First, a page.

Phenergan Night Time 25mg Film-coated Tablets (Promethazine hydrochloride) Indications: For short term use in the treatment of insomnia in adults and as a sedative in children over 16 years of age. Dosage and administration: Method of administration: For oral use. Adults (including the elderly) and children over 16 years of age 25mg or 50mg as a single night time dose. Not to be used in children under 16 years of age. Contraindications: Hypersensitivity to the active substance or to any of the excipients listed in section 6.1. Phenergan Night Time should not be used in patients in coma or suffering from CNS depression of any cause. Phenergan Night Time should be avoided in patients taking monoamine oxid ase inhibitors up to 14 days previously. Precautions and Warnings: Phenergan Night Time may thicken or dry lung secretions and impair expectoration. It should therefore be used with caution in patients with asthma, bronchitis or bronchiectasis. Use with care in patients with severe coronary artery disease, narrow angle glaucoma, epilepsy or hepatic and renal insufficiency. Caution should be exercised in patients with bladder neck or pyloro-duodenal obstruction. The use of promethazine should be avoided in children and adolescents with signs and symptoms suggestive of Reye’s Syndrome. Promethazine may mask the warning signs of ototoxicity caused by ototoxic drugs e.g. salicylates. It may also delay the early diagnosis of intestinal obstruction or raised intracranial pressure through the suppression of vomiting. Patients with rare hereditary problems of galactose intolerance, the Lapp lactase deficiency or glucose-galactose malabsorption should not take this medicine. Phenergan should not be used for longer than 7 days without seeking medical advice. Interactions: Phenergan Night Time will enhance the action of any anticholinergic agent, tricyclic antidepressant, sedative or hypnotic. Alcohol should be avoided during treatment. Phenergan Night Time may interfere with immunological urine pregnancy tests to produce false-positive or false-negative results. Phenergan Night Time should be discontinued at least 72 hours before the start of skin tests as it may inhibit the cutaneous histamine the sleep you need response thus producing false-negative results. Pregnancy and lactation: Phenergan Night Time should not be used in pregnancy unless the physician considers it essential. The use of Phenergan Night Time is not recommended in the 2 weeks prior to delivery in view of the risk of irritability and excitement in the neonate. Available evidence suggests that the amount excreted in milk is insignificant. However, there are risks of neonatal irritability and excitement. Adverse Reactions: drowsiness, dizziness, restlessness, headaches, nightmares, tiredness, and disorientation. Anticholinergic side effects such as blurred vision, dry mouth and urinary retention occur occasionally. The elderly are particularly susceptible to the anticholinergic effects and confusion due to promethazine. Other side-effects include urticaria, rash, pruritus, anorexia, gastric irritation, palpitations, hypotension, arrhythmias, extrapyramidal effects, muscle spasms and tic-like movements of the head and face. Anaphylaxis, jaundice and blood dyscrasias including haemolytic anaemia rarely occur. Photosensitive skin reactions have been reported. Strong sunlight should be avoided during treatment. Recommended Selling Price: 14s - £4.79. Legal Category: P Marketing Authorisation Number: PL 04425/0700. Further information is available from the Marketing Authorisation Holder: Sanofi, One Onslow Street, Guildford, Surrey, GU1 4YS, UK. Tel. 0845 372 7101 Date of preparation: July 2017.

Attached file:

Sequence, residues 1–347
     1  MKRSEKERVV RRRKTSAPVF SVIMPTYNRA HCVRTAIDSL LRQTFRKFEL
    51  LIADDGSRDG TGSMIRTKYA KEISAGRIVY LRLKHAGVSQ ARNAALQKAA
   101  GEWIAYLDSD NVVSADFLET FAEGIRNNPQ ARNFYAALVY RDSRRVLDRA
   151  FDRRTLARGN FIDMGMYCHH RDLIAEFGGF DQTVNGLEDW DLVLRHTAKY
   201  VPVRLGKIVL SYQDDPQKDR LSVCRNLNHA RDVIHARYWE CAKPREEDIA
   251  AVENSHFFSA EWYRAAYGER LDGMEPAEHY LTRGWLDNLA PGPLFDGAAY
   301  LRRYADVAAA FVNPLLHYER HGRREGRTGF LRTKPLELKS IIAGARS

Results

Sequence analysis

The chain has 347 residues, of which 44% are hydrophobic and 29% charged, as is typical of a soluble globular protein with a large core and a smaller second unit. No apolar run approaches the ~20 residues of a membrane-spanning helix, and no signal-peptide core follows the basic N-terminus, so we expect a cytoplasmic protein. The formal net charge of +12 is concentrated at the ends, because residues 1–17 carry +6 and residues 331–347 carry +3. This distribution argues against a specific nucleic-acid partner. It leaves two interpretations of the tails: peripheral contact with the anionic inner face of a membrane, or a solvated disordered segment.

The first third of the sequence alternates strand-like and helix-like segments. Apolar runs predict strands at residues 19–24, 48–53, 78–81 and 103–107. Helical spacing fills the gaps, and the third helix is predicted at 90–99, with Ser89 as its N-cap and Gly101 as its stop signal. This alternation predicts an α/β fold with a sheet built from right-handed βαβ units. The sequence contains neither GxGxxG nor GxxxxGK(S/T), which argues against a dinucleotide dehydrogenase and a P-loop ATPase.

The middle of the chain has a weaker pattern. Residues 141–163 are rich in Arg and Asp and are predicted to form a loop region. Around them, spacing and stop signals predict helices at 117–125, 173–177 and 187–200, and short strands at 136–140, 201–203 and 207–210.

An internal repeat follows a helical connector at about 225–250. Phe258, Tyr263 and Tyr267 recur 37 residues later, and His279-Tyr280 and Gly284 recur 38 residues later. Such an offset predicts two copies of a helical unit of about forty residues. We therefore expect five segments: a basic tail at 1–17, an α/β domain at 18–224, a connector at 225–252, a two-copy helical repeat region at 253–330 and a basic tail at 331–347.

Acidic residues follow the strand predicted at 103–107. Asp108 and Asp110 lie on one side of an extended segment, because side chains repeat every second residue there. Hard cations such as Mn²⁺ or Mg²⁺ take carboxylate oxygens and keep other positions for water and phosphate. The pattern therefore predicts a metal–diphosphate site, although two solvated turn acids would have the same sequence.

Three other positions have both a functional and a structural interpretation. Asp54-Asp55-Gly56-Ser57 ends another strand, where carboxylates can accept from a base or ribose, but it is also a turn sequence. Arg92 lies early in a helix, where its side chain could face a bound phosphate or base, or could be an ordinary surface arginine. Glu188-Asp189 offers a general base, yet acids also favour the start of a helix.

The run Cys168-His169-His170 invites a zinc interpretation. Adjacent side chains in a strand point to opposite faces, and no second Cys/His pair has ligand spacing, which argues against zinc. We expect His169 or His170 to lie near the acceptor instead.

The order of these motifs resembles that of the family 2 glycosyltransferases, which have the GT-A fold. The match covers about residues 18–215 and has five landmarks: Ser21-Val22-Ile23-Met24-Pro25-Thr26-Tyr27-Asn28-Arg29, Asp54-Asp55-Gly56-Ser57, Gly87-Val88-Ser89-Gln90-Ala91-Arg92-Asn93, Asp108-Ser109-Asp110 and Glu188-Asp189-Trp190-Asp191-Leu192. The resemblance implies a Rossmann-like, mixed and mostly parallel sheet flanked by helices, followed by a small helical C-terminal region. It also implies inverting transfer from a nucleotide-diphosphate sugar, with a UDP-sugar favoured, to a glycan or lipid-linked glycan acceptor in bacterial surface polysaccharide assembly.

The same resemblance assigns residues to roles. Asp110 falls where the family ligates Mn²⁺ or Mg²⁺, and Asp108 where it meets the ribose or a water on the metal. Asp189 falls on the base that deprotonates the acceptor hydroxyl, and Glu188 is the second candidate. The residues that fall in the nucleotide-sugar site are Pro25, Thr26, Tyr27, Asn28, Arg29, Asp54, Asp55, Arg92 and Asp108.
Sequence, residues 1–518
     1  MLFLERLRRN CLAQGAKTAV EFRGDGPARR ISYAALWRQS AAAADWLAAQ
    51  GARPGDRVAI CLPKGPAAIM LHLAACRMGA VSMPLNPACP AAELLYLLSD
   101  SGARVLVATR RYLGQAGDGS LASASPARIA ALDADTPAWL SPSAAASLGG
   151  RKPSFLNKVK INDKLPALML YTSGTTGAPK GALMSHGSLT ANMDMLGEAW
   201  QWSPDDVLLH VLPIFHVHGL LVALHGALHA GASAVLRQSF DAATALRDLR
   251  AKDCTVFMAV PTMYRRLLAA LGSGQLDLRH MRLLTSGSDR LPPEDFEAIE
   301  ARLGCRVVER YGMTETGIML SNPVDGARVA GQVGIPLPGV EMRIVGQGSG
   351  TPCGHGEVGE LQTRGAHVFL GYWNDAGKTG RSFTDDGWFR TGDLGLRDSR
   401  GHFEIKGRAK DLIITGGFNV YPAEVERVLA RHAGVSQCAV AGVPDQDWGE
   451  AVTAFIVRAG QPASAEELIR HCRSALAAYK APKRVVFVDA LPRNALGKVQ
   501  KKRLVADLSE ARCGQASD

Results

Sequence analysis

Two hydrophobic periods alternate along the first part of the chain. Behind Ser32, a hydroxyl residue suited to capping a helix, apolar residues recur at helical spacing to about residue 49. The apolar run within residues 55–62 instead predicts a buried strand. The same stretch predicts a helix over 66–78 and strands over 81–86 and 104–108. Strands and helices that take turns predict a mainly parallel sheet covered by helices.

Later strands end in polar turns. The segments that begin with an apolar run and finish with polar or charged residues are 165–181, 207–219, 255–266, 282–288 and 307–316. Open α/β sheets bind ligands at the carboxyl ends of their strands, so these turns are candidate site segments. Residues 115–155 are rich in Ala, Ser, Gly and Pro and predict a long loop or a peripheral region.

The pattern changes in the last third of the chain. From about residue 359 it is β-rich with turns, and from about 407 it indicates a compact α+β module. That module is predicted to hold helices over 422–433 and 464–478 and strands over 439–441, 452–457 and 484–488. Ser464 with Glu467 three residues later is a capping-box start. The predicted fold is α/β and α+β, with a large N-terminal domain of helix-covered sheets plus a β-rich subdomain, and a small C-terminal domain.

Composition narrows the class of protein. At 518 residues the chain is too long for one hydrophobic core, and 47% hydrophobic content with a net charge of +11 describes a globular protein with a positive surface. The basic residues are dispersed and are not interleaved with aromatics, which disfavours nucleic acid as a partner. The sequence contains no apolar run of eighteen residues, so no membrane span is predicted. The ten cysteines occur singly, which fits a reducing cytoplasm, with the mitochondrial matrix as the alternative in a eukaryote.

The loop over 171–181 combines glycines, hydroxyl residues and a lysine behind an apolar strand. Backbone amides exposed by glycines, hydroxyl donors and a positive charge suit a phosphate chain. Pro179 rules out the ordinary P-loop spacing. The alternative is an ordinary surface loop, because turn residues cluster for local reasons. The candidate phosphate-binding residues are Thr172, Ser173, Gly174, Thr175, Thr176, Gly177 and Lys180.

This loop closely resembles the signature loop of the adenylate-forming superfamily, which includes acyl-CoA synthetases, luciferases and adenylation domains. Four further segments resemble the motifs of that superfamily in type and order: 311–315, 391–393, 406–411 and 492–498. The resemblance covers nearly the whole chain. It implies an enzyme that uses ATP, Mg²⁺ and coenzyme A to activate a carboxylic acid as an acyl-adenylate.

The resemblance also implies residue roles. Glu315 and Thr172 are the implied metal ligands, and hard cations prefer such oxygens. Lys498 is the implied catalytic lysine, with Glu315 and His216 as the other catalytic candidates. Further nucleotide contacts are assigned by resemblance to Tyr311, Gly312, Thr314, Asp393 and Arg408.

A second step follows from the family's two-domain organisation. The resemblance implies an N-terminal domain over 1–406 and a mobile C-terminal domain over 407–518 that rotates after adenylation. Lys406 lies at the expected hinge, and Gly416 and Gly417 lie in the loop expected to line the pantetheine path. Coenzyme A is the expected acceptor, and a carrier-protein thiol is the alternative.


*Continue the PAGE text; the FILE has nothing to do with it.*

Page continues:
Adverse events should be reported. Reporting forms and information can be found at: www.mhra.gov.uk/yellowcard. Adverse events should also be reported to the Sanofi drug safety department on: 01483 554242.
1. NHS Choices: Why lack of sleep is bad for your health. Accessed 20.9.17
2. NICE Clinical Knowledge Summaries. Insomnia. Accessed 20.9.17
3. NHS Choices: insomnia. Accessed 20.9.17
4. Sanofi survey
5. Goodman & Gilman, The Pharmacological Basis of Therapeutics, 12th edition
6. Anxiolytics, Sedatives and Hypnotics, Miscellaneous. AHFS Drug Information 2017, 28:24.92
7. Thakkar MM, Histamine in the Regulation of Wakefulness, Sleep Med Rev 2011; 15:65-74
8. Phenergan Night Time SPC (15.02.17).